Anyone who wonders why the Catholic Church is in its present crisis need only read Dr. Scott Bruce’s “Do We Still Need to Believe in Hell?” The Wall Street Journal article (9/15-16/2018) recently appeared in its popular weekend review section.
It was a rather typical yet brutal appraisal of the notion of Hell. The author believes Hell is a medieval invention adapted from the ancient myths that talk about a place of punishment for evildoers in the afterlife.
Dr. Bruce recognizes the sociological value of Hell as “a frightening deterrent for sinful behavior,” however, he claims that Hell was (and no longer is) a cornerstone of Christian doctrine and that it was (and no longer is) something about which priests preached.
The author looks forward to a day “in some, better future,” when the idea of Hell might be retired from use. It would be “an important step in the maturation of human communities that can mete out justice on their own, without supernatural aid.”
A Cause for Concern
Such a sad commentary is to be expected from the Wall Street Journal with its materialistic and secular outlook on life. Light-hearted musings about Hell serve as a curiosity for those intent upon building a material paradise on earth.
However, Dr. Bruce is a Catholic. He is not only a Catholic but a professor of history at a Catholic university. His is not just any university but the Jesuit-run Fordham University in New York City.
This is a cause for concern, for Dr. Bruce runs no risk in speaking against Hell. He will not be called to task by Fordham for his critique of Hell in the nation’s leading newspaper; he will never be asked to withdraw the book he has just edited about the same topic; and he will tranquilly continue teaching with the many similarly minded professors at Catholic institutions everywhere.
Such inaction on the part of administrators is not surprising to those who have followed the decadence inside the Church in recent decades. Everyone knows there is a lack of concern for orthodoxy at many of the nation’s Catholic institutions. This example just shows that there is no attempt to hide it.
Hell is Scriptural
The denial of Hell helps explain why the Church is in crisis. The Hell-deniers do irreparable harm to the Church, souls and society. The dogma of Hell is foundational for the Church. Take it away and the whole structure of Church teaching comes crashing down.
The notion of Hell has been held from time immemorial. Even Plato, unenlightened by Revelation, perceived the need for Hell, declaring: “Such is the judgment of the gods who dwell in heaven; the good are reunited with the good, the wicked to the wicked.”
The existence of Hell is clearly defined in the Bible. It is mentioned many times in both the Old and New Testaments. It is also unequivocal. Hell-deniers find little room for doubt in the graphic descriptions of this place of terrible punishment of endless duration. Numerous councils have defined Hell as an article of faith. Countless saints have all consistently spoken of Hell in dramatic terms.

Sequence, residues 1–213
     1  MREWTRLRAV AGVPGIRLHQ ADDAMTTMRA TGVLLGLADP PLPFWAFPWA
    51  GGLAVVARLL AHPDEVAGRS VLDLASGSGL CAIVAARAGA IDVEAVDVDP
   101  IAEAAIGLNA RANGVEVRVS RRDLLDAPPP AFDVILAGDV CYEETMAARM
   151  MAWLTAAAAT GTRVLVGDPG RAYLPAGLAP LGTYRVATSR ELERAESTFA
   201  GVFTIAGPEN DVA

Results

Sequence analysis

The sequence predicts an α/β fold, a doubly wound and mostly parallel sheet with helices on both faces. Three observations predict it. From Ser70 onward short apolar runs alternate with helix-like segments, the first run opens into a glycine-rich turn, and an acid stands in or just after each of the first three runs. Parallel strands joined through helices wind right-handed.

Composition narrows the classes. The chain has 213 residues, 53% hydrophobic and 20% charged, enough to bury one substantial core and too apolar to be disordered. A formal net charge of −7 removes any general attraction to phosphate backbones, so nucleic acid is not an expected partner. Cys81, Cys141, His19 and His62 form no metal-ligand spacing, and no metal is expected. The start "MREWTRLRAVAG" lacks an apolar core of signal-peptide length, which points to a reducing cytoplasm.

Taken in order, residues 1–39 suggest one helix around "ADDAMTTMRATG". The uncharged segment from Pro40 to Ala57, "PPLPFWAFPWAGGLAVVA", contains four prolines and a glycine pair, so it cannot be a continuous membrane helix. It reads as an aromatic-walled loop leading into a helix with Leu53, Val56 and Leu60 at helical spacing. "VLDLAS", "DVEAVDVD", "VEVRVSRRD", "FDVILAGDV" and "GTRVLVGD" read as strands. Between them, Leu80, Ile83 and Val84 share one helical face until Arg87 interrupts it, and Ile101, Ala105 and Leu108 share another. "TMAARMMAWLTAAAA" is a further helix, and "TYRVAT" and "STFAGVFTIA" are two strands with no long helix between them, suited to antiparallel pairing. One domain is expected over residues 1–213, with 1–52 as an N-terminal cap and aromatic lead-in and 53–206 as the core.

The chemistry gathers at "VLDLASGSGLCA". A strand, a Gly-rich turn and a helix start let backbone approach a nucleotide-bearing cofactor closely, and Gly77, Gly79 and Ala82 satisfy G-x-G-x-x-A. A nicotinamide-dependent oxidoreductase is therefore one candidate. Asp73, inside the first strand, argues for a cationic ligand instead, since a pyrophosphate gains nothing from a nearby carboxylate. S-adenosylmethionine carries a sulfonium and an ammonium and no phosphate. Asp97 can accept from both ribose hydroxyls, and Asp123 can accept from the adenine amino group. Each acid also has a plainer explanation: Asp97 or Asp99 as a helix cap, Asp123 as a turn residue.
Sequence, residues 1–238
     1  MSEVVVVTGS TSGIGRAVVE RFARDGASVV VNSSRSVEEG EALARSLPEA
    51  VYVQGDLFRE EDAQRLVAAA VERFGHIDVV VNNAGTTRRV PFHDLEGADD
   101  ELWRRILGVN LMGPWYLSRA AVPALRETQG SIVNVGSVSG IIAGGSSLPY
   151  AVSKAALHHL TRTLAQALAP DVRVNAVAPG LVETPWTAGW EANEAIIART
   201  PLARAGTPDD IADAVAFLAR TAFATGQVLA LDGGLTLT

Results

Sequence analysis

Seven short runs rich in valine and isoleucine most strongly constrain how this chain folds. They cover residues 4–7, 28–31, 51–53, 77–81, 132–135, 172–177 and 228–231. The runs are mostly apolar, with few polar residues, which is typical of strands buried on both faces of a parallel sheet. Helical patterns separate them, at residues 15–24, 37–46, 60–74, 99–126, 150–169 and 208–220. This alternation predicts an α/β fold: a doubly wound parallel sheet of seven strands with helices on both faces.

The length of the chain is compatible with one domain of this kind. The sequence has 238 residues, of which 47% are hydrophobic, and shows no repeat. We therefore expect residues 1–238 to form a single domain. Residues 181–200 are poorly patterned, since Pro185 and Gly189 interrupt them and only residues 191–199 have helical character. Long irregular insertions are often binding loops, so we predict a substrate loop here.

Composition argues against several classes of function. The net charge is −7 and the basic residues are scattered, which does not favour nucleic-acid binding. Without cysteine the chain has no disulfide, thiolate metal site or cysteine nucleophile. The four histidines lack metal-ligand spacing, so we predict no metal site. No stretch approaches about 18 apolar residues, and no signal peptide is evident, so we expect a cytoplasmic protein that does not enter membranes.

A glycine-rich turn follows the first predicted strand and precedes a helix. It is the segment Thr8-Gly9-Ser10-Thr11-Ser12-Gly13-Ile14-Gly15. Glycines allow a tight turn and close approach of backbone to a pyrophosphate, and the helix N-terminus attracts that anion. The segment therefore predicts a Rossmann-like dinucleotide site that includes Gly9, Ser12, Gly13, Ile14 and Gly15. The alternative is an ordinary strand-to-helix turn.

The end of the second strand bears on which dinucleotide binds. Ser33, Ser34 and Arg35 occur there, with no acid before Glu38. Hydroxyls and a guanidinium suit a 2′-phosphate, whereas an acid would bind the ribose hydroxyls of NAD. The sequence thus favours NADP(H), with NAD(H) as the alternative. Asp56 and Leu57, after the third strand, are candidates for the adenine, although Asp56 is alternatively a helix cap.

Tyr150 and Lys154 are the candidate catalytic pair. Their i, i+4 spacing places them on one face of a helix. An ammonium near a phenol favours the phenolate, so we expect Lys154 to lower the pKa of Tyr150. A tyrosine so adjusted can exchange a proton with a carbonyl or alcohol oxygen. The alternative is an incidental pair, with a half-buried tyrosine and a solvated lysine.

“I am filled with fear and trembling,” says Saint Bernard, “and all my bones are shaken at the thought of that unhappy country of the damned.”
Saint Anthony Mary Claret categorically states, “It is of faith that Heaven exists for the good and Hell for the wicked. Faith teaches that the pains of Hell are eternal, and it also warns us that one single mortal sin suffices to condemn a soul forever because of the infinite malice by which it offends an infinite God.”
The denial of Hell is, therefore, a denial of biblical truth and Church tradition. It would imply there is no Revelation. Hell is reduced to metaphor and folklore as insinuated by Dr. Bruce’s article.
No Need for the Incarnation and Redemption
The deniers of Hell call into question the need for the Church. The dogma of Hell is a crucial piece in the logical narrative of the Faith. Without Hell, Christianity would not make sense.
Indeed, if Hell does not exist, then Original Sin cannot exist. For it was as a consequence of man’s fall from grace that Hell became a punishment for those who die unrepentant and unjustified. If there is no Hell, there is no need for the Incarnation and redemption. Without Hell, sins have no consequences. Thus, Jesus Christ need not have become flesh nor died a terrible death on the Cross. His death would be meaningless and illogical. Likewise, Christians would not be bound by a debt of gratitude and love, for Christ would have neither saved nor redeemed them. Christianity would be a great hoax without the notion of Hell.
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